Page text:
Long gone are the days when TVs were a "one size fits all" proposition, when all you really wanted was the right size box for your living room: a picture tube TV with an unassuming appearance, only matched by its archaic remote controller. Today, the game has changed, and the choices of flat-panel HDTVs are almost as diverse as the viewing audience.
One of the hottest summers in US history has sent everyone scurrying into their pools to cool off, and the biggest new trend in swimming pools is salt water. First developed in Australia, saltwater pools offer several advantages over conventional chlorine and have become incredibly popular in the last decade.
"Go big or go home." It's a popular sports chant that's found its way into numerous other aspects of American life. But when it comes to home decor, going big at home may not seem like an option, especially if your budget is less than grand.
SEATTLE (AP) - U.S. home values have risen four consecutive months, Zillow.com said on Tuesday, a trend that led the housing website to declare that the market has turned the corner from its five-year slump.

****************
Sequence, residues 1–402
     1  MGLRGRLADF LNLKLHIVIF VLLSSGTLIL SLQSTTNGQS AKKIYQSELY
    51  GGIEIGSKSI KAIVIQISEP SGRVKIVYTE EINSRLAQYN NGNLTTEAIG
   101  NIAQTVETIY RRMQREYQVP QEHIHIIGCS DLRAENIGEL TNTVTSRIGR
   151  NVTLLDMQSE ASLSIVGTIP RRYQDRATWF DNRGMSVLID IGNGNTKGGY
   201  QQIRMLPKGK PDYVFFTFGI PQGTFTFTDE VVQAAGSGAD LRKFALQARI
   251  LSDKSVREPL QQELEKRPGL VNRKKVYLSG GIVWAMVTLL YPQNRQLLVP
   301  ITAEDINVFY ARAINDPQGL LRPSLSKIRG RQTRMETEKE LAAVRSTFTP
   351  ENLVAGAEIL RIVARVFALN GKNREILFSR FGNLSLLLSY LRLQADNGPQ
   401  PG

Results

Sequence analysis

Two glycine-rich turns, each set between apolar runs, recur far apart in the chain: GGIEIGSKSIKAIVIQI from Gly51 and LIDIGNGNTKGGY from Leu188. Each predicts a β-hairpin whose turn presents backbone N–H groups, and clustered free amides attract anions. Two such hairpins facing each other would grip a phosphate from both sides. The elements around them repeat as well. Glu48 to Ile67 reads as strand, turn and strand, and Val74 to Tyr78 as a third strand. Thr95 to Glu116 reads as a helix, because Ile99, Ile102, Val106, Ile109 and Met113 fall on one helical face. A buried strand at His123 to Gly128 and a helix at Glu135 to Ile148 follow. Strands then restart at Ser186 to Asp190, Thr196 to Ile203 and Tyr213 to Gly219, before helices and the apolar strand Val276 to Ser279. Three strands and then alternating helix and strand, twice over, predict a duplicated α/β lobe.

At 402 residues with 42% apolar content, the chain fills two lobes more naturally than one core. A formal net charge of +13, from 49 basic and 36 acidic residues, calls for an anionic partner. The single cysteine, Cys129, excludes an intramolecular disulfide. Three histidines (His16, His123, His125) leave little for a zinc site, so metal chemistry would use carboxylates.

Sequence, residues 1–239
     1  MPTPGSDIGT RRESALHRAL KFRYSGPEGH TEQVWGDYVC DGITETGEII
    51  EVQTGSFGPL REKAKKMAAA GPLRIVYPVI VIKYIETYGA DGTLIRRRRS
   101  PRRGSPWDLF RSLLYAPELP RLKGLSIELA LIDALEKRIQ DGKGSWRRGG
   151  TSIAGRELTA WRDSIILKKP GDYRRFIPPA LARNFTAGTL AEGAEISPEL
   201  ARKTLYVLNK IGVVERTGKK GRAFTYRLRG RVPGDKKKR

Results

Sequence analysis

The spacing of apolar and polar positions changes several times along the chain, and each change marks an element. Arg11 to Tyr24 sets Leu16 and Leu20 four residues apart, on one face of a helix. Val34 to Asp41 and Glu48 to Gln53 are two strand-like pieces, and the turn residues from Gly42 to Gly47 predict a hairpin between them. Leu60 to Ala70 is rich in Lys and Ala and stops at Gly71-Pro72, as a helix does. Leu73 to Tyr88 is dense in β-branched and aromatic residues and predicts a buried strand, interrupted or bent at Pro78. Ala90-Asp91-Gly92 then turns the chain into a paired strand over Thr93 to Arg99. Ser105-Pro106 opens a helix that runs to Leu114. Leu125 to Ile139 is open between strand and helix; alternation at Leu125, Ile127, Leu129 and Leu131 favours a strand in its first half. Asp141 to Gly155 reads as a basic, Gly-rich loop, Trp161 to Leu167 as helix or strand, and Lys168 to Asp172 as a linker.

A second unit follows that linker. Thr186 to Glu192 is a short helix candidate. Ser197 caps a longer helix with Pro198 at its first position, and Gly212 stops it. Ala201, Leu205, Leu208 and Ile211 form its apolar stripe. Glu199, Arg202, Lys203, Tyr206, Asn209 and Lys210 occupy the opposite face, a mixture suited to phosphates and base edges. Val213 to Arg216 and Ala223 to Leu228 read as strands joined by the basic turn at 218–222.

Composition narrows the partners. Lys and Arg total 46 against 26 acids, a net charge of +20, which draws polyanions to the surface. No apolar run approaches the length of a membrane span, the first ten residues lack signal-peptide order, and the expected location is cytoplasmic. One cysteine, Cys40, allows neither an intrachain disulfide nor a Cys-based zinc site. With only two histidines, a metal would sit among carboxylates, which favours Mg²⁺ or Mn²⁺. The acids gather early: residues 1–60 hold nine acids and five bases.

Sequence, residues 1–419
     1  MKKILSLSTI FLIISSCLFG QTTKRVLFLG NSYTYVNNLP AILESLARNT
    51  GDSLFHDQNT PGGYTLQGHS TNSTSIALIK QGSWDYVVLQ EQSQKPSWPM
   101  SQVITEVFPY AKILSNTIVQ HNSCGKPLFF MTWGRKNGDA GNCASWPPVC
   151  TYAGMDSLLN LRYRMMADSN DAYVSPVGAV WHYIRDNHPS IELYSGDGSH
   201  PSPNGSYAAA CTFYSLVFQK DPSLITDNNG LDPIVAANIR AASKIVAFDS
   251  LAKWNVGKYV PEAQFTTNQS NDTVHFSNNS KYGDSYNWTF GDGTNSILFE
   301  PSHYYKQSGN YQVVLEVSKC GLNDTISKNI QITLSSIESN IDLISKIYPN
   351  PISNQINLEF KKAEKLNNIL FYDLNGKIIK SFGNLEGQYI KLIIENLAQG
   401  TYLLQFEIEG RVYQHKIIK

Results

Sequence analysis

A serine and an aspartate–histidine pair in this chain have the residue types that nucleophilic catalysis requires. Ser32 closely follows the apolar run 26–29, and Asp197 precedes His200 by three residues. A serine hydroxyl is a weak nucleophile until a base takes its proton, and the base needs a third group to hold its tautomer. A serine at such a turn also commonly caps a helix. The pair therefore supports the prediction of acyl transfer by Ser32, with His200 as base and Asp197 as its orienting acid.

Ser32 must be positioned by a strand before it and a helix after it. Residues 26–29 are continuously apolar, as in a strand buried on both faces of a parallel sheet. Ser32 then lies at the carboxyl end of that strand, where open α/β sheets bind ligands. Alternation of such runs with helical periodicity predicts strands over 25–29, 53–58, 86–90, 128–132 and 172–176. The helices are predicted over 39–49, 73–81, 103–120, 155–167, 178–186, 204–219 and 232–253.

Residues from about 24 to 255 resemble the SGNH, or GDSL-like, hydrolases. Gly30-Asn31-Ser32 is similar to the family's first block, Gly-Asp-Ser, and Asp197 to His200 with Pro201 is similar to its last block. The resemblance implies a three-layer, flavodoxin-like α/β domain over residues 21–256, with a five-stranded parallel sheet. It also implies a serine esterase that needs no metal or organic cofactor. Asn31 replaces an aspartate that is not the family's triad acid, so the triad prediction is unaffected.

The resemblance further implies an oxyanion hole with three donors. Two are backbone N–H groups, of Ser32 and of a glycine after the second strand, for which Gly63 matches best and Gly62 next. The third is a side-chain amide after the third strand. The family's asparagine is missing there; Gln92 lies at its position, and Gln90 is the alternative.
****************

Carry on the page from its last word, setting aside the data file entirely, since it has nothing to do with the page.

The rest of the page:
DEAR BENNY: Some states such as California have a 3 percent limit to deposit recovery; buyers have the right, if they legally back out of a contract, to secure a full return of up to a 3 percent deposit. Any deposit over 3 percent is not refundable. In California, I have never seen a deposit over 3 percent. --Joe
July 26, 2012|
By BENNY L. KASS
Brad Young of PMZ Real Estate in Manteca has earned the prestigious Certified Distressed Property Expert (CDPE) designation, having completed extensive training in foreclosure avoidance, with a particular emphasis on short sales.
DEAR BENNY: I need to write a "request for payment plan" letter to my homeowners association, but I don't know how to write an effective one. I owe several months of back dues totaling about $3,000, which includes attorney's fees and interest. I really need help on writing this letter. I have not paid because of major health issues in 2011 to date. --Liz
July 19, 2012|
By BENNY L. KASS
WASHINGTON (AP) - More than 1.5 million older Americans already have lost their homes, with millions more at risk as the national housing crisis takes its toll on those who are among the worst positioned to weather the storm, a new AARP report says.